This week we experienced the largest mass shooting in the history of this country. Omar Mateen walked into a gay bar in Orlando and killed 49 people, wounding dozens more. Much is being made by some of his religious background. A year ago today, there was a massacre of a different kind.
A year ago today, on a warm summer evening of Wednesday, a group of church leaders were gathered for Bible study and prayer at Mother Emmanuel AME Church in Charleston, South Carolina. Twenty-one year old Dylann Roof of Shelby, North Carolina walked in, sat with members of the congregation, and then killed nine of them, including Pastor and State Senator Clementa Pinckney. Roof was hoping to ignite a race war stating, “I have to do it. You rape our women and you’re taking over our country. And you have to go.” He shouted racial epitaphs while shooting the nine people. Five times he reloaded his Glock 41 .45-caliber hand gun, a gun he never should have had, due to a prior arrest. The shooting lasted six minutes.
No one made much of Dylan Roof’s religious background. Roof was a Christian, of Lutheran background. The pastor he shot, Clementa Pinckney, was a 2008 graduate of Lutheran Theological Southern Seminary in Columbia, South Carolina. Much was made of Roof dropping out of school and taking drugs, but no one called Christianity or Lutheranism a religion of hate. Some may have mentioned it in passing without much elaboration. The truth of the matter is anyone can hate.
Hatred of LGBTQIA folks, hatred of African Americans, hatred of Jews, and hatred of Muslims are all cut from the same cloth. Our Presiding Bishop calls it “othering” people. We seek out some strange, unknown other upon which to focus attention. If it’s not one group, it’ll be another. Fear of the stranger is a universal phenomenon. This is why Jesus combats it directly: “When I was a stranger, you welcomed me.” “Love your enemy and pray for those who persecute you.” Omar Mateen was born in the U.S. The enemy is not out there; it is us.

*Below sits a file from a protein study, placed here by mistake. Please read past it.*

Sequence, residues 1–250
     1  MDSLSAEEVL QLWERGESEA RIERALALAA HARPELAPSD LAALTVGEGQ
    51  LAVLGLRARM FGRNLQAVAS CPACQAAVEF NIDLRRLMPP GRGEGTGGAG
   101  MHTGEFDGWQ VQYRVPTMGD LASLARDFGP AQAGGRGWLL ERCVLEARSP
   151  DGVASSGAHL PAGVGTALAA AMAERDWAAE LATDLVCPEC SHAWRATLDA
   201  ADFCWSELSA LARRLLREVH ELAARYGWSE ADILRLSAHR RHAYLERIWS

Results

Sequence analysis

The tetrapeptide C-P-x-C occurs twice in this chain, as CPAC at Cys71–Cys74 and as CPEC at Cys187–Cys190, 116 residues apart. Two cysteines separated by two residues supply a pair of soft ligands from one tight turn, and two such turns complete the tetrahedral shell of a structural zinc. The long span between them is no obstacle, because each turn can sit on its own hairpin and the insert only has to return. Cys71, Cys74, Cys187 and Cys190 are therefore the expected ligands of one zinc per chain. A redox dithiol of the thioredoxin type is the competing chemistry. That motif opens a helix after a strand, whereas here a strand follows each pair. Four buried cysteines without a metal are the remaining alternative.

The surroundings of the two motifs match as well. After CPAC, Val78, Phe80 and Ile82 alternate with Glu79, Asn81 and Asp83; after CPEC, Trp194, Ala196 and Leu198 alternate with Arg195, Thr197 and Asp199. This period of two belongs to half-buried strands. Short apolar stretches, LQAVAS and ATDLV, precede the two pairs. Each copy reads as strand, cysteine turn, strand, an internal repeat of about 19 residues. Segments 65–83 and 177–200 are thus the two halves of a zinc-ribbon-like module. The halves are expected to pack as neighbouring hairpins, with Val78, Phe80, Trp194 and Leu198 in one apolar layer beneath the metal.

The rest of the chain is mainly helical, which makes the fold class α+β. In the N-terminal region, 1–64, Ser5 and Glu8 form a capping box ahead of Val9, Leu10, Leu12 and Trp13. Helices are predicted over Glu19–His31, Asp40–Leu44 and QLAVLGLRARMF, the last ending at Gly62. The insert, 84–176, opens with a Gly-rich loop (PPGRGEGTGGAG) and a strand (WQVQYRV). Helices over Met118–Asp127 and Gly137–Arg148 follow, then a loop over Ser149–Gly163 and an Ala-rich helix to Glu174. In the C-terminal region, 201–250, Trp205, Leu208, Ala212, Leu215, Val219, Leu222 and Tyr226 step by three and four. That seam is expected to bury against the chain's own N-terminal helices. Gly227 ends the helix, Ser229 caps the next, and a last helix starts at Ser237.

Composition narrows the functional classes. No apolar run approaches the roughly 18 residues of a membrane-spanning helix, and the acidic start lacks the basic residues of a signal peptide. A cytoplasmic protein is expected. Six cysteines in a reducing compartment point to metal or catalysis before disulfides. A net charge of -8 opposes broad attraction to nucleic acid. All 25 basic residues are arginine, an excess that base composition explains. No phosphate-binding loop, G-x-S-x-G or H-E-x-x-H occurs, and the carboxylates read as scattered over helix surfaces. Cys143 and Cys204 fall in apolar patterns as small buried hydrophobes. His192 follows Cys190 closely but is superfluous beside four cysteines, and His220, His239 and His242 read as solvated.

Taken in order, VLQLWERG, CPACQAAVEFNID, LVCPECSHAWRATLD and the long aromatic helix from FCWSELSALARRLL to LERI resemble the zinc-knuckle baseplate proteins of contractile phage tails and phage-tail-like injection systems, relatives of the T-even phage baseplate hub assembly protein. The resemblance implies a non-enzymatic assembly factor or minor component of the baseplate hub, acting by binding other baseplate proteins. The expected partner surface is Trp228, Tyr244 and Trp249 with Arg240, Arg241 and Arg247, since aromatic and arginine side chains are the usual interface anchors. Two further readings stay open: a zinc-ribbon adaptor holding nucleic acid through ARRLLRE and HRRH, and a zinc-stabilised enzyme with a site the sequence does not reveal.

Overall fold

When people live in fear of the other, they become anxious and reactive. Fearful people are more likely to lash out. Those who whip up fear in others help create a culture of fear. Leaders can preach sanity, or they can preach mania. Leadership can shape the culture of a community. We seem to believe that violence is the answer to all our problems.
When you combine hate and fear of the stranger (xenophobia), and then provide access to weapons, violence ensues. If someone becomes overwhelmed with fear and anger, and a bat is handy, someone might get injured. If a knife is on the table, someone might die. If it’s a handgun, nine people might die. If it’s an AR-15 assault rifle, 49 might die. The weapon you have when you blow a gasket makes a significant difference.
In 2007, Missouri repealed a long-standing law that required all handgun buyers to pass a background check. By 2014, researchers at the Johns Hopkins Center for Gun Policy and Research reported that Missouri had experienced a 23 percent increase in firearms homicides. No surprise. We worship them, as we worship violence. Your god is that in which you put your ultimate trust. From Martin Luther’s Large Catechism: “To have a god means this: You expect to receive all good things from it and turn to it in every time of trouble.” We think we are safer with guns. If every kid on the playground has a knife, there will be injuries.
Preaching love is more than a sentimental platitude. It is a matter of life and death. The great divide will not be Christianity vs. Islam or heterosexual vs. homosexual. It will be between those of all faiths that preach love and those that preach hate. It will be between those who believe in killing or bombing their enemies and those who believe in feeding their enemies.